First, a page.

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Game Creek Restaurant

Cassie Pence
Vail, CO Colorado

It’s the journey: Game Creek Restaurant sits high atop Vail Mountain, and the journey that takes you there is an experience in of itself. A gondola whisks you to the top of Eagle’s Nest where you load into a shuttle van and roll along High Country roads to a cozy European-style chalet. Out on the deck among the blooming aspens ” bubbly in hand ” you watch the sun dip behind the craggy peaks of Holy Cross Mountain. The sky blazes with magenta and orange, making you almost forget the reason why you’re here ” dinner.

New menu, new concept

Executive Chef Darrell Jensen has written a brand new menu with a “create-your-own-tasting” concept at its center. Jensen invites diners to choose three, four or five courses. But forget what you know about conventional, structured dining. There are no rules to ordering like there was in the past at Game Creek. Diners can choose one salad and three desserts if the mood strikes them. With the exception of Jensen’s signature seared scallops with lemon thyme dressing, all the dishes are fresh to Game Creek – and approachable. “I want people to look at the menu and understand everything that’s on it. But I want them to find a few surprises, too,”Jensen says.



The surprises

It’s the extra touches, Jensen says, that takes his menu from good to great. The chilled golden beet soup, for example, is served with goat cheese panna cotta, a rich Italian cooked cream usually reserved for dessert. It’s common to serve venison with a fruit sauce, but Jensen chooses an unexpected variety. He prepares his with Mathurini sauce made from brandy and raisons, and then lightens the whole dish up accompanying it with a raw, crunchy cabbage salad. His green bean salad is reminiscent of mom’s version at Thanksgiving, but he infuses almonds into the crispy shallots and tops it with a fried quail egg for an interesting, tasty twist.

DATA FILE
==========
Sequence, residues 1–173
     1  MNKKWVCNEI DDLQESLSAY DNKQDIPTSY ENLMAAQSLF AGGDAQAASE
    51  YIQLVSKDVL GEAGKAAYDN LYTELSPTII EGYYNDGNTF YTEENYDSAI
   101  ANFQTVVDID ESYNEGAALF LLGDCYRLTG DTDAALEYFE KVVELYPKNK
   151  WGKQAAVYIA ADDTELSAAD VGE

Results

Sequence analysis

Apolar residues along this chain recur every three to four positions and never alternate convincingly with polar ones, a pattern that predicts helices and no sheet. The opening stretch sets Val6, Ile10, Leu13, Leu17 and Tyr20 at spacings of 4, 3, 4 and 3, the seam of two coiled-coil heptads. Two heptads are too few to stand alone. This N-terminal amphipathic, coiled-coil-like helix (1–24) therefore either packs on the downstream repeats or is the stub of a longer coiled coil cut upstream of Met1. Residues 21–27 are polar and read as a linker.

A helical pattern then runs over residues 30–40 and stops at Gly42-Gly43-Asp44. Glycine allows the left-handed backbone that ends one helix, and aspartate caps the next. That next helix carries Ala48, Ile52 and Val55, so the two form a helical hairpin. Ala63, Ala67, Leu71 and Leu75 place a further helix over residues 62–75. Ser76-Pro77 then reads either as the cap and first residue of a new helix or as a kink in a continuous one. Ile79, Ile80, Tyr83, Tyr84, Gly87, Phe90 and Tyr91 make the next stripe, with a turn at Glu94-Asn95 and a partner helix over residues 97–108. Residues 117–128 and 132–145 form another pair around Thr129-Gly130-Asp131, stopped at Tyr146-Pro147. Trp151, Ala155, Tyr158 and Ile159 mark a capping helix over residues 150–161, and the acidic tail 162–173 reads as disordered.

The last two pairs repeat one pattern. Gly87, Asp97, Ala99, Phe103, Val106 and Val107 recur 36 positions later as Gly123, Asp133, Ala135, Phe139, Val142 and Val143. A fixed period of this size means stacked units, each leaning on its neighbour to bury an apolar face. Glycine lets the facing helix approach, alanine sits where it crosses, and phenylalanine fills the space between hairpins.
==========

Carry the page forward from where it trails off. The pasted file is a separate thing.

Participate in The Longevity Project

The Longevity Project is an annual campaign to help educate readers about what it takes to live a long, fulfilling life in our valley. This year Kevin shares his story of hope and celebration of life with his presentation Cracked, Not Broken as we explore the critical and relevant topic of mental health.



One for the East

Eli’s lobster roll promises to attract a cult following of home-sick East Coasters. It’s a nod to sous chef Eli Odell’s roots. A lobster roll is a lot like a chicken salad sandwich but fashioned from the freshest lobster. At first take, it eats more like picnic food than fine dining fare, but when Game Creek bakes its own bread daily and prepares all the acoutrements from scratch ” mayonaise dressing, whole grain mustard and pickles – the lobster roll becomes haute cuisine.

Food chemistry



Jensen cooks his olive oil poached Scottish salmon slowly at 118 degrees and then finishes it off with a little lemon oil and serves it with kohlrabi puree. The temperature precision is important, because the oils release at 120 degrees, causing that fishy taste and smell. “At 118 degrees,” Jensen says, “it looks almost raw, but it’s cooked, and there’s no oder. It just melts in your mouth.”

Game Creek Restaurant

Game Creek Bowl, Vail Mountain

970.479.4275, reservations required

vail.com


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